All of the encryption software in the world is meaningless if you fail to practice a couple of simple habits regarding physical security.
I was a very trusting person when I started college. I left my room unlocked most of the time, and didn't care that my laptop was exposed sitting on my desk.[ref]To be clear, it was attached to the wall with a cable lock, so I wasn't that trusting.[/ref]
One day, a friend thought he'd play a prank. I came back from class to find some ... interesting photos set up as my desktop background and screensaver. I found similar phrases littered throughout a few yet-to-be-submitted essays that, sadly, took longer to fix than they had to write in the first place.
This was the last day I ever left my computer without a lock screen password.
Making sure your computer is protected against unauthorized access is one of the first things you should do if concerned about digital security. Having the most secure banking, email, or social network passwords possible is meaningless if your physical machine - which may have those passwords stored somewhere - is open to anyone who comes across the keyboard.
Twitter and other real-time social media outlets have generated a plethora of interesting stories. Many are funny or embarrassing. Most are also tagged with a clever "OH" for "over heard."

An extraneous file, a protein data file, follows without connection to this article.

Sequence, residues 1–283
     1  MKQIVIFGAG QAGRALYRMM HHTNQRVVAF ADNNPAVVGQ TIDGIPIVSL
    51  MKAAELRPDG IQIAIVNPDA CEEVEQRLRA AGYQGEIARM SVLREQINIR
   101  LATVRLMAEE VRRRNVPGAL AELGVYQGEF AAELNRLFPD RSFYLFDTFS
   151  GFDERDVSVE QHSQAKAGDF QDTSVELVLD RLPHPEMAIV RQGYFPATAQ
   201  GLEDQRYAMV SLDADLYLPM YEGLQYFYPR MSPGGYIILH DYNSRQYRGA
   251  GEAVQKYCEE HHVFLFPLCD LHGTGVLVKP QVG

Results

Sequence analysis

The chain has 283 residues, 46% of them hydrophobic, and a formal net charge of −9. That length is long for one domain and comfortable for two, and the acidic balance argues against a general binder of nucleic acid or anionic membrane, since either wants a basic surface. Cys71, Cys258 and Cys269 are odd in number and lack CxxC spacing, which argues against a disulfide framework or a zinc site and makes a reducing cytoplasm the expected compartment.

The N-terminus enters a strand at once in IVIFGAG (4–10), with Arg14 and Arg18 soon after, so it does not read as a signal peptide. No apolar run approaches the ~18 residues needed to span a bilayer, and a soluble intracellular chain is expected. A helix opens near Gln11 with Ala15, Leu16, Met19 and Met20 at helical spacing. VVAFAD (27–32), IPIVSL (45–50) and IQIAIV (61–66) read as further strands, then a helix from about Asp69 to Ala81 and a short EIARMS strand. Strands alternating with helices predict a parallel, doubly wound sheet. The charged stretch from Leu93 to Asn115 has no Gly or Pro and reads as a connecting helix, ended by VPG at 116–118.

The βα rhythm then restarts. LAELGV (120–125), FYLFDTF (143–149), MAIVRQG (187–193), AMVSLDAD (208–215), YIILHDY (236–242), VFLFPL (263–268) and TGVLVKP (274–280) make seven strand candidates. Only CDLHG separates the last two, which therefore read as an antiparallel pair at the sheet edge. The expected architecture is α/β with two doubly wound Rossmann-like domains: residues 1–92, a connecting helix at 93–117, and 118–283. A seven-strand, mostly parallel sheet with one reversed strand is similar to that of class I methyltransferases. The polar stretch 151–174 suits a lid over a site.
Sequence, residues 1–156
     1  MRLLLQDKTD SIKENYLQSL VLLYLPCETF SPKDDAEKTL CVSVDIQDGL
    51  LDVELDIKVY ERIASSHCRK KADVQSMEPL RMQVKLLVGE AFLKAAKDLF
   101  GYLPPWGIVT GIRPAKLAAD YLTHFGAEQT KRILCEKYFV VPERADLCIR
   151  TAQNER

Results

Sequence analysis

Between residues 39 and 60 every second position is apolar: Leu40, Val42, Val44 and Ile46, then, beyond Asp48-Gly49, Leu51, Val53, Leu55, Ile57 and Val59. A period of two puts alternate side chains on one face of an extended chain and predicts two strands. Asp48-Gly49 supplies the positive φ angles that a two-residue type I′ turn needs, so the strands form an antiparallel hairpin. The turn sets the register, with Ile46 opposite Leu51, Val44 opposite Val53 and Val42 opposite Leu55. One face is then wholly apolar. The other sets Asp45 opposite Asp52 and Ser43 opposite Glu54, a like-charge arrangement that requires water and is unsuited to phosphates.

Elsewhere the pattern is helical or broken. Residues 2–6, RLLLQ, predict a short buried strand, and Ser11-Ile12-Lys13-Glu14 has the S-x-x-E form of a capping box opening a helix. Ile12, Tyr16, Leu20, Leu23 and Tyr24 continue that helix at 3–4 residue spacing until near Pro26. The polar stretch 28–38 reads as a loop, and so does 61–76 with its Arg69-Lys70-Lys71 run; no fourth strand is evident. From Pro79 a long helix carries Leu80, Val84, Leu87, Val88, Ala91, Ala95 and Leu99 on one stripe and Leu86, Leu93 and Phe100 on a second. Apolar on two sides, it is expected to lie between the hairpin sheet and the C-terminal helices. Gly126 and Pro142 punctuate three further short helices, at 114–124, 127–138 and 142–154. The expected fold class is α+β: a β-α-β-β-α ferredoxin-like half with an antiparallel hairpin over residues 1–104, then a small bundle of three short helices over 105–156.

It's an ever-present reminder that little, if anything, of what we say in public venues is private. Client phone calls, discussions with colleagues, even emails sitting on-screen while at the coffee shop. There's no guarantee that anything said or written will remain privileged information.
Being aware of your surroundings while you work is key to keeping information private when it should be private.
What other physical steps - beyond restricting access to your machine and being aware of where you hold privileged conversations - would you take to keep your information secure?